Celtic festival names

Some time back I posted a video about cultural appropriation and Lora O’Brien pointed out that the modern Wiccan and Pagan usage of Sabbat names is appropriated from Irish culture and language.

Gerald Gardner and other early Wiccans did not use the Irish names for these festivals — that happened later. Wicca is not a Celtic religion.

It does seem wrong to lift these festivals out of context. There are other old names for these festivals in England and Wales (the Scots Gaelic has similar names to the Irish Gaelic, but pronounced differently).

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Pagan festivals

Pagan festivals (and traditional, Indigenous, Earth-based festivals around the world) are mostly about the cycles of the year. If you were a pastoralist, you had times when the sheep went up to the high pasture and times when they came down again. If you were a grower of crops, your cycle of festivals revolved around when you planted the crops and harvested them. There were times of plenty and times of hunger. Festivals marked the end of one phase and the beginning of another.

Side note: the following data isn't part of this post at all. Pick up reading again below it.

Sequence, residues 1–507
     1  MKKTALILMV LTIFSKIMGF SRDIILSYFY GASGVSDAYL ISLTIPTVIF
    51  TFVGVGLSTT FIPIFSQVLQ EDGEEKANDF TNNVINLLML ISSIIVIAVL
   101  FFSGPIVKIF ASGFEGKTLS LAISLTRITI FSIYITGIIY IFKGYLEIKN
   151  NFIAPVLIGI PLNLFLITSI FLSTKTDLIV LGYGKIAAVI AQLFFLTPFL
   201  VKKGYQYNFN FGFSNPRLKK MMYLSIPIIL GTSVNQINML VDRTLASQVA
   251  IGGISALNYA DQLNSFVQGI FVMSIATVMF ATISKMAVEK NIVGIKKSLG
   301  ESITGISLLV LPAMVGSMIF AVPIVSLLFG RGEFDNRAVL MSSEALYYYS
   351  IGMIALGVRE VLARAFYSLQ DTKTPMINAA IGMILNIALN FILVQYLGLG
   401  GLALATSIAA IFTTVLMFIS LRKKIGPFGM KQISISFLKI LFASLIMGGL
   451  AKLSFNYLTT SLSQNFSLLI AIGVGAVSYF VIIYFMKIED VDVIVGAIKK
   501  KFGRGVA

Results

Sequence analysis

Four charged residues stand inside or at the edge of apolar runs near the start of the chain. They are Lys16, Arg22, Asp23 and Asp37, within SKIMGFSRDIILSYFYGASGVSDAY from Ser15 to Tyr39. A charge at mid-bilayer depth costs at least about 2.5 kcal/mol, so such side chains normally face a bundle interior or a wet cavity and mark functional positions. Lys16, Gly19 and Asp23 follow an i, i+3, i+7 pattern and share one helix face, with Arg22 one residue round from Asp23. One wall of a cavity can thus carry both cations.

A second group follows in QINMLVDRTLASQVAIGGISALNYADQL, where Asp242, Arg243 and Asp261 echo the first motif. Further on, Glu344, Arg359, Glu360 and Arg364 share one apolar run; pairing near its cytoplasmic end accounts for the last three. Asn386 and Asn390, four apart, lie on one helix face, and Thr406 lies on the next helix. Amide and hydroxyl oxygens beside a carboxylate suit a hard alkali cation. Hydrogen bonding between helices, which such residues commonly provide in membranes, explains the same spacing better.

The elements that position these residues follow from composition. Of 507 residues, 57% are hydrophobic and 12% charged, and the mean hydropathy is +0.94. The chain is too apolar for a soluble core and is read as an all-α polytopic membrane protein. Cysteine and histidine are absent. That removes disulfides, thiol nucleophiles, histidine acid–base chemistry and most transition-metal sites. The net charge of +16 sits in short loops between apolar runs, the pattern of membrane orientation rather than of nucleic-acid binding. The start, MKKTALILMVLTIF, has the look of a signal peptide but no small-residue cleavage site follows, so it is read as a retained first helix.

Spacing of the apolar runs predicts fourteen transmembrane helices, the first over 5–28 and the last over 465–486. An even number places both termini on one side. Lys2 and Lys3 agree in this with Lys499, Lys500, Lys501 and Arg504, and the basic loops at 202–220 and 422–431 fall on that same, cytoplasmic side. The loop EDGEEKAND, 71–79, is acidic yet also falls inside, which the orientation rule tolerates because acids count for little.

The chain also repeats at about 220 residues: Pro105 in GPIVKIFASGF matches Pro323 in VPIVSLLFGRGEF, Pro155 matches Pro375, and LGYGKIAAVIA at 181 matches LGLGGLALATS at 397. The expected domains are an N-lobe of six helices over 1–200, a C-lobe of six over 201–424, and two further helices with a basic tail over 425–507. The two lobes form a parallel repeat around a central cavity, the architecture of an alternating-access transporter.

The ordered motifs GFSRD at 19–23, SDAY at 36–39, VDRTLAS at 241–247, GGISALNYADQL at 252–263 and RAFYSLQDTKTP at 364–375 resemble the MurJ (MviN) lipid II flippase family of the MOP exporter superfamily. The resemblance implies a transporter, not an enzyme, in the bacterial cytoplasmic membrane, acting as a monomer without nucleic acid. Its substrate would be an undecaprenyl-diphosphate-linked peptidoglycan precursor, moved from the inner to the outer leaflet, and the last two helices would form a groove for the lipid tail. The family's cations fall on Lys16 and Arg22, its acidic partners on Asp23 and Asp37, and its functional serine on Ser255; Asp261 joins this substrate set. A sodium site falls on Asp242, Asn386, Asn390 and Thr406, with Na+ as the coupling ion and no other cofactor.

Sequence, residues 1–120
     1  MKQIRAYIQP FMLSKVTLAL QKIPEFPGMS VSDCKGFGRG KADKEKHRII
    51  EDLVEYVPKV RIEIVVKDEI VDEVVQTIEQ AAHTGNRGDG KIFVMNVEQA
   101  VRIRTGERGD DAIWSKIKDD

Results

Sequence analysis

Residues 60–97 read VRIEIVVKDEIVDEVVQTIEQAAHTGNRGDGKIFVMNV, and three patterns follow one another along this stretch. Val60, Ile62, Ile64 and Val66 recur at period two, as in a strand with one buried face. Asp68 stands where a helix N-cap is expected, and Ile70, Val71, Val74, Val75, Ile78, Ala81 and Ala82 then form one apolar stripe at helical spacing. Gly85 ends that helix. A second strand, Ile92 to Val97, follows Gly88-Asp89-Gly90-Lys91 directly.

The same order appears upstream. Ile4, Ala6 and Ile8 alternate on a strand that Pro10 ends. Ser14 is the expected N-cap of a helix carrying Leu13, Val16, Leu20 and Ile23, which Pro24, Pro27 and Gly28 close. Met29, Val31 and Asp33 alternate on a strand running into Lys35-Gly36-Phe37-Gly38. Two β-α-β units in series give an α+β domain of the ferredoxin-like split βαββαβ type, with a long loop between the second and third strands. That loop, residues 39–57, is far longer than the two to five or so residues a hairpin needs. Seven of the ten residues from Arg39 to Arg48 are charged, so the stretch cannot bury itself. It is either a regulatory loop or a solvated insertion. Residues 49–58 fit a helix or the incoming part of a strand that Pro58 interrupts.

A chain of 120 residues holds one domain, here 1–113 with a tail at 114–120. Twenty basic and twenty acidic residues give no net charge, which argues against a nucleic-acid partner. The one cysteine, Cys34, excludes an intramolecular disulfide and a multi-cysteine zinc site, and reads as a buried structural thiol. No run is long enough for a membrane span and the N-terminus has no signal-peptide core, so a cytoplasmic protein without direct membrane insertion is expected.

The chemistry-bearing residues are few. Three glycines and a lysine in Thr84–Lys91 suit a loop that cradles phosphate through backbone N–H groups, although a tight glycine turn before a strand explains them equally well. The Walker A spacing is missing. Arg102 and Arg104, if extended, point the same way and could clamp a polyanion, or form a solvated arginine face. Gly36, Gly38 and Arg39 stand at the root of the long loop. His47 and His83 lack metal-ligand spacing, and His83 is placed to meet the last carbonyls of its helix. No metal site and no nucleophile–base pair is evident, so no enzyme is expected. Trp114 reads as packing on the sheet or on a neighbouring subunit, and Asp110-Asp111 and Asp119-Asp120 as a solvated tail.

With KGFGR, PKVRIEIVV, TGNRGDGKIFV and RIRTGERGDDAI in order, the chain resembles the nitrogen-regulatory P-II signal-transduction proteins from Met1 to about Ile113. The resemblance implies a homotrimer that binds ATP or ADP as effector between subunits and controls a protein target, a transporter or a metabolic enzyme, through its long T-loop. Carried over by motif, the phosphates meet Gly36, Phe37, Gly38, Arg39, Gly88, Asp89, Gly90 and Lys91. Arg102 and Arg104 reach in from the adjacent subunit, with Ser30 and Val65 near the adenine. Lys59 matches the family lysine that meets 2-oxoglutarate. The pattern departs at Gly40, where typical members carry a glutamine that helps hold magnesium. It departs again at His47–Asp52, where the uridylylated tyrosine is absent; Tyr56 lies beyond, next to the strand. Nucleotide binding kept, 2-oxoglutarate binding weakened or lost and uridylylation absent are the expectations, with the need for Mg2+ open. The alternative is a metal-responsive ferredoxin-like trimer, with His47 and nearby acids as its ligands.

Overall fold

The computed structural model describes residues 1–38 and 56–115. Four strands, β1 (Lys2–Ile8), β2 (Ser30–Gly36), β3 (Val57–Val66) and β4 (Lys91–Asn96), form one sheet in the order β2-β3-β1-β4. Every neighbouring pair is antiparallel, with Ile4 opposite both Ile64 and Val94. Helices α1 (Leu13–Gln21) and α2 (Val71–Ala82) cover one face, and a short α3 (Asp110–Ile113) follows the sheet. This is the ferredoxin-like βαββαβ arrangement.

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Beltane is coming

Everyone’s getting ready for Beltane. In the face of climate change, the Anthropocene, mass extinction, and all the scary stuff, it feels important to celebrate Nature and all its diversity. That does not imply to me in any way that we should focus only on heterosexual fecundity. Nature is diverse, and that includes humans. All acts of love and pleasure are Her rituals.

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